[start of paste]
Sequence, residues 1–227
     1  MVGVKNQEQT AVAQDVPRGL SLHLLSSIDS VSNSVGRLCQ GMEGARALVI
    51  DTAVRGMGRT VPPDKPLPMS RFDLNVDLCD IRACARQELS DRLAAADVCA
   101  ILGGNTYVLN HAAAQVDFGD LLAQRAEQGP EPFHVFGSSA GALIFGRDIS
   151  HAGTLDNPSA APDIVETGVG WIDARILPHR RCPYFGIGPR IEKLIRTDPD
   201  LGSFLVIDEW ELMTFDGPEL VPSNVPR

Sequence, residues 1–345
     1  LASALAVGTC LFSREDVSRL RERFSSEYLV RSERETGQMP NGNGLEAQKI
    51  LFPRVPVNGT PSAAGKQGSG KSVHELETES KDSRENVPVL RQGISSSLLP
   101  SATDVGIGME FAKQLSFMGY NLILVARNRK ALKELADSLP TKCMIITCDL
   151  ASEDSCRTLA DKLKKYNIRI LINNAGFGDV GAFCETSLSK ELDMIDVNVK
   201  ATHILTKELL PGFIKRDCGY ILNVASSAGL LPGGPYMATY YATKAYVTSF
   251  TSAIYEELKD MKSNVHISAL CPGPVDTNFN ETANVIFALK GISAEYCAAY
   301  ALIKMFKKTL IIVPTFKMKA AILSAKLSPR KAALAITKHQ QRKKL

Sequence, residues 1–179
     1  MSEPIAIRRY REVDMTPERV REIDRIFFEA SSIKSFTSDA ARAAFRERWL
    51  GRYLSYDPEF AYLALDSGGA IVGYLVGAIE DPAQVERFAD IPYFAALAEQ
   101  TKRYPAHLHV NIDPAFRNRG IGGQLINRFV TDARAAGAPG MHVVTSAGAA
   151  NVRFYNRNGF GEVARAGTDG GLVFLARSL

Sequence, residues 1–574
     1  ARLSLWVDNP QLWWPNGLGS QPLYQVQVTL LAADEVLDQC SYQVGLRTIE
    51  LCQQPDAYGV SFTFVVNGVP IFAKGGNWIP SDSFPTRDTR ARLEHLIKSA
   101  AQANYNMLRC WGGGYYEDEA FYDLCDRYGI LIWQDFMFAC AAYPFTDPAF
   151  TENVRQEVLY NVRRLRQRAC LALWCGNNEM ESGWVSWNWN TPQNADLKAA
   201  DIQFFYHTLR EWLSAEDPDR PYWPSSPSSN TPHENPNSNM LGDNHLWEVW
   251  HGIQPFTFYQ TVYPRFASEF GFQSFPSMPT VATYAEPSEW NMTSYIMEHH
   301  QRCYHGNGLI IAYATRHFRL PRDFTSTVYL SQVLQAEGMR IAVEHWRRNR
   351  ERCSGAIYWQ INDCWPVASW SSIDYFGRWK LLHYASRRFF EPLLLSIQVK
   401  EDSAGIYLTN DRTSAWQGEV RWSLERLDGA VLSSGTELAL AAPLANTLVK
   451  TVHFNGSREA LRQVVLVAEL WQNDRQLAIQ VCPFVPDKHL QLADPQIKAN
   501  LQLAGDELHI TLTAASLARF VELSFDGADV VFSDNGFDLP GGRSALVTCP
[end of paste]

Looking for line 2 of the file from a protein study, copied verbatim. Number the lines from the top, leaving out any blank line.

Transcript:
     1  MVGVKNQEQT AVAQDVPRGL SLHLLSSIDS VSNSVGRLCQ GMEGARALVI